By Selma Sahin, Yagmur Akdag Cayli, and Levent Oner
Cystic fibrosis is a genetic disease affecting 1 in 2,000–3,000 people in the European Union and 1 in 3,500 in the United States, and life expectancy of these patients is approximately 40 years. A cystic fibrosis patient’s treatment costs more than $300,000 over their entire life span. Therefore, it is important to develop new treatment strategies for both financial and ethical reasons.
Cystic fibrosis occurs with gene mutation and affects the lungs, pancreas, liver, and intestines. In the lungs, it causes a viscous mucus layer, and the lack of fluidity prevents the removal of macrophages, bacteria, and other inhaled substances by blocking ciliary movements, leading to microorganisms proliferating in this dehydrated mucus. With cystic fibrosis, antimicrobial activity of airway surface liquid is also inhibited because of reduced pH. Macrophages in the viscous mucus layer disintegrate and their DNAs are exposed to the environment. As a result, viscosity increases with an increase in the amount of DNA. Repeated infections, especially formed by Pseudomonas aeruginosa, are observed in this environment.
Unfortunately, there is not an effective treatment for cystic fibrosis yet. To increase patients’ quality of life, doctors treat the infections caused by Pseudomonas aeruginosa. During the treatment, the main problem that confronts the doctors is a dehydrated and viscous mucus layer in the lungs. Because of the dense structure of mucus, antibiotics applied through an inhaler or systemically cannot pass through this layer, and hence treatment fails. As might be expected, application of antibiotics directly to the lungs through an inhaler is the preferred way in comparison to systemically effective drugs. However, this approach is not enough to obtain effective treatment.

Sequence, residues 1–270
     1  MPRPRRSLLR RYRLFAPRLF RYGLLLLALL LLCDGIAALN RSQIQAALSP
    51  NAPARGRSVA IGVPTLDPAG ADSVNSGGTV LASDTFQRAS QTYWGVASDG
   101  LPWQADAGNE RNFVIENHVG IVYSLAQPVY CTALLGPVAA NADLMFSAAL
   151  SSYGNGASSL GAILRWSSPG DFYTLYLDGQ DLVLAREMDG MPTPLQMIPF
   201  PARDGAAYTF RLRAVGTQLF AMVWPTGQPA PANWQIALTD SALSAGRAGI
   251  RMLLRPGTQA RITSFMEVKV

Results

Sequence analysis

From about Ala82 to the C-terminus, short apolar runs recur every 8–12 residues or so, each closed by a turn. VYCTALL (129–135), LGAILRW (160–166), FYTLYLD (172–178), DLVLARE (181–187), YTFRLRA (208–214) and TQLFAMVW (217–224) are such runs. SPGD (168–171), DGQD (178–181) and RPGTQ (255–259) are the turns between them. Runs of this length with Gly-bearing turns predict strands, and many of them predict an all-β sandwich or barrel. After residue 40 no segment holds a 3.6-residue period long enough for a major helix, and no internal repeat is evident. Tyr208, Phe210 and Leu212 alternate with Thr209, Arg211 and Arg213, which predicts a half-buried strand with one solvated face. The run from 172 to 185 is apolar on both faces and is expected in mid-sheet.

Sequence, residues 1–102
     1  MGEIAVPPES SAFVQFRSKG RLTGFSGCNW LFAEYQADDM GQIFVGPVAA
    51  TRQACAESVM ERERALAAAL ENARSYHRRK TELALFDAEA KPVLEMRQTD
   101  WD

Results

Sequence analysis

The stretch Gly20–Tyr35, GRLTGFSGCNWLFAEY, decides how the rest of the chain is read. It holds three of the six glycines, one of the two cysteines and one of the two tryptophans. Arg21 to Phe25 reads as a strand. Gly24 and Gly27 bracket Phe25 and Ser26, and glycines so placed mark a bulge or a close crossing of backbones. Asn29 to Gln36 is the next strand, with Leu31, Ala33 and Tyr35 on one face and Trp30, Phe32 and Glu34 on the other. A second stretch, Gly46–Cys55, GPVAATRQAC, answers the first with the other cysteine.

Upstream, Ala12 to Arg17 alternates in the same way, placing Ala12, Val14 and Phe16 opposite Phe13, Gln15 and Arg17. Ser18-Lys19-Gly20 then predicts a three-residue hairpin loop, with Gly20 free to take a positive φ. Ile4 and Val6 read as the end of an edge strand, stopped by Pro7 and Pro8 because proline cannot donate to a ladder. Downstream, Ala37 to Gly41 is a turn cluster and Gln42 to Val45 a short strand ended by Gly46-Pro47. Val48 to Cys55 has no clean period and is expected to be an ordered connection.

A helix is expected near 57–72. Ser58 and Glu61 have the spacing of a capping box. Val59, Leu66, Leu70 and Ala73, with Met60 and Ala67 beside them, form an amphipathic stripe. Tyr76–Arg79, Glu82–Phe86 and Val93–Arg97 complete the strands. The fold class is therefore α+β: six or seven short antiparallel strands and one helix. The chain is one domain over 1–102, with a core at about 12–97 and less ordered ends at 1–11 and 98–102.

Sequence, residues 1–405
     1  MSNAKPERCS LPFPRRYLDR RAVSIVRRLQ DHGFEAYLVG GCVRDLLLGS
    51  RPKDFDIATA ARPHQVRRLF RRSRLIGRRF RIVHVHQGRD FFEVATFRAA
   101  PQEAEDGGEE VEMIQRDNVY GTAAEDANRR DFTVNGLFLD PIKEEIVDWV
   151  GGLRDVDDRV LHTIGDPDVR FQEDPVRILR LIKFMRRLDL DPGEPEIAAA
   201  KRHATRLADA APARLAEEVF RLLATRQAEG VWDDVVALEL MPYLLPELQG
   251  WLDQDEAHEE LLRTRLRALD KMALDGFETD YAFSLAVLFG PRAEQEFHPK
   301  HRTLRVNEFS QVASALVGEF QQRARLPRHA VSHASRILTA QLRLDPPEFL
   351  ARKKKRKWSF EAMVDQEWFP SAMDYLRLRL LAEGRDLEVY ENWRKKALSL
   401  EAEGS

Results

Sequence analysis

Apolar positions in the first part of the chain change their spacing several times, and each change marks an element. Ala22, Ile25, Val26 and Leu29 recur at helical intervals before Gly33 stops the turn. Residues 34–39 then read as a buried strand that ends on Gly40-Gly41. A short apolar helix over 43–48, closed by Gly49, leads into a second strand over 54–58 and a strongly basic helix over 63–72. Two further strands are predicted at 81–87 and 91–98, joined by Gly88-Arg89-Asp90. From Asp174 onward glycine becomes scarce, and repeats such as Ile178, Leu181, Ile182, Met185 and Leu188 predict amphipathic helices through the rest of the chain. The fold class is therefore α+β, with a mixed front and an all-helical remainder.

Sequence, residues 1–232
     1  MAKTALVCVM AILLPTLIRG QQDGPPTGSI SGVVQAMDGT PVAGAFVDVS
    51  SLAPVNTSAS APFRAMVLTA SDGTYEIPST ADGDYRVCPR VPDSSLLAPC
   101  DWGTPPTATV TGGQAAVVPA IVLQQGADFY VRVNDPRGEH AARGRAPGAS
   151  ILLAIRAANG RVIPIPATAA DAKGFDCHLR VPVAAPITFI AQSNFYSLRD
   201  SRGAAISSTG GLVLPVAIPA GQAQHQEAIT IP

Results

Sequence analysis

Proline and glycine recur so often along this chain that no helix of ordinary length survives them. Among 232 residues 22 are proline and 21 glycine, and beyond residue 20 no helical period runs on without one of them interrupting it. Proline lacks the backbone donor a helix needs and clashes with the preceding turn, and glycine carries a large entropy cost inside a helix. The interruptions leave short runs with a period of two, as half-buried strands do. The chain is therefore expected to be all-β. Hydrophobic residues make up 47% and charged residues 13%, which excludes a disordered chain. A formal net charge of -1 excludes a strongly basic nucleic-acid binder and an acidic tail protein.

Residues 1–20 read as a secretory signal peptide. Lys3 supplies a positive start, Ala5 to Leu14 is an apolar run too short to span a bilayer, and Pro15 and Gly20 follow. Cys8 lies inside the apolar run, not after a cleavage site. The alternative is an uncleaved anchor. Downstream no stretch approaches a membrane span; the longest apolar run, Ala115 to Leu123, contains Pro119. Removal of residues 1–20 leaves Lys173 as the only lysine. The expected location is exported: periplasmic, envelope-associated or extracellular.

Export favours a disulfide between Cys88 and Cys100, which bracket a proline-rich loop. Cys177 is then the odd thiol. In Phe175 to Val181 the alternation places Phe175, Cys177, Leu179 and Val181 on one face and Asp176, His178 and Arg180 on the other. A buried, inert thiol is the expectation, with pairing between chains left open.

To surpass this problem, we aimed to develop dry powder inhaler (DPI) formulations containing an antibiotic and mucolytic agent. Ciprofloxacin HCl was chosen as the antibiotic, acetylcysteine and DNase as mucolytics. Ciprofloxacin is fluoroquinolone antibiotic and effective against Pseudomonas aeruginosa. Acetylcysteine is a commonly used mucolytic. DNase decreases viscosity by lysing DNAs and this mechanism is very appropriate for cystic fibrosis environment.
For this purpose, we prepared suspension of ciprofloxacin by combining ball milling and homogenization methods. Suspension of ciprofloxacin and solution of mucolytics were prepared separately and then combined. After spray drying of this mixture, we obtained dry powders that contain an antibiotic inner side and mucolytic exterior surface. Our claim was supported by scanning electron microscopy analysis (Figure 1). In our formulation, the mucolytic should contact the mucus surface and decrease viscosity, and then the antibiotic should penetrate into mucus successfully. It is our hope that this formulation approach will provide better treatment of Pseudomonas aeruginosa-related infections in cystic fibrosis.
This work is being presented at the 2015 AAPS Annual Meeting and Exposition this week in Orlando.
The authors thank Imran Vural for their contributions to this abstract.
Figure 1. SEM images of a) untreated ciprofloxacin (x5000), b) untreated acetylcysteine (x100), c) ciprofloxacin DPI (x30000), d) ciprofloxacin+ acetylcysteine DPI (x30000), e) ciprofloxacin+DNase DPI (x30000)